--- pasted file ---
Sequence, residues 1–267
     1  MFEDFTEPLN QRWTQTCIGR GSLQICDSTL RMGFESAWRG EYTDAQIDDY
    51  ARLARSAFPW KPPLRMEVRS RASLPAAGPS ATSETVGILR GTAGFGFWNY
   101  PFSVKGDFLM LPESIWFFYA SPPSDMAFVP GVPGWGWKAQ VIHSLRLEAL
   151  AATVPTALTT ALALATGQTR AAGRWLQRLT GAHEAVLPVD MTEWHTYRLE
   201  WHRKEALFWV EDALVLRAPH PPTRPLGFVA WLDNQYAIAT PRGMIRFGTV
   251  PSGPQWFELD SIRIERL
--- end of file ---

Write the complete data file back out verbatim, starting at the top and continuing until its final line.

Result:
Sequence, residues 1–267
     1  MFEDFTEPLN QRWTQTCIGR GSLQICDSTL RMGFESAWRG EYTDAQIDDY
    51  ARLARSAFPW KPPLRMEVRS RASLPAAGPS ATSETVGILR GTAGFGFWNY
   101  PFSVKGDFLM LPESIWFFYA SPPSDMAFVP GVPGWGWKAQ VIHSLRLEAL
   151  AATVPTALTT ALALATGQTR AAGRWLQRLT GAHEAVLPVD MTEWHTYRLE
   201  WHRKEALFWV EDALVLRAPH PPTRPLGFVA WLDNQYAIAT PRGMIRFGTV
   251  PSGPQWFELD SIRIERL